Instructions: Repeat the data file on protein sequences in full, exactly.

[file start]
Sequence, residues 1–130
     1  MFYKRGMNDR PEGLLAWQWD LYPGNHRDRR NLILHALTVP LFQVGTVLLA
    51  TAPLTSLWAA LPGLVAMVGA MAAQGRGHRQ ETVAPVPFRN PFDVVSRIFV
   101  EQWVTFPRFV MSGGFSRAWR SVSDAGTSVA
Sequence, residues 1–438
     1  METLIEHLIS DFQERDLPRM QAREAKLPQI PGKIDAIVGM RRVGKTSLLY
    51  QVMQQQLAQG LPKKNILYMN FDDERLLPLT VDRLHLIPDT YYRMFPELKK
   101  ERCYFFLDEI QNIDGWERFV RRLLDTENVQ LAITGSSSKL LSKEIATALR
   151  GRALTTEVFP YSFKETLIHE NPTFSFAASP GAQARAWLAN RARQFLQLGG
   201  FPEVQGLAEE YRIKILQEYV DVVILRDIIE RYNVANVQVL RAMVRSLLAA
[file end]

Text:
Sequence, residues 1–130
     1  MFYKRGMNDR PEGLLAWQWD LYPGNHRDRR NLILHALTVP LFQVGTVLLA
    51  TAPLTSLWAA LPGLVAMVGA MAAQGRGHRQ ETVAPVPFRN PFDVVSRIFV
   101  EQWVTFPRFV MSGGFSRAWR SVSDAGTSVA
Sequence, residues 1–438
     1  METLIEHLIS DFQERDLPRM QAREAKLPQI PGKIDAIVGM RRVGKTSLLY
    51  QVMQQQLAQG LPKKNILYMN FDDERLLPLT VDRLHLIPDT YYRMFPELKK
   101  ERCYFFLDEI QNIDGWERFV RRLLDTENVQ LAITGSSSKL LSKEIATALR
   151  GRALTTEVFP YSFKETLIHE NPTFSFAASP GAQARAWLAN RARQFLQLGG
   201  FPEVQGLAEE YRIKILQEYV DVVILRDIIE RYNVANVQVL RAMVRSLLAA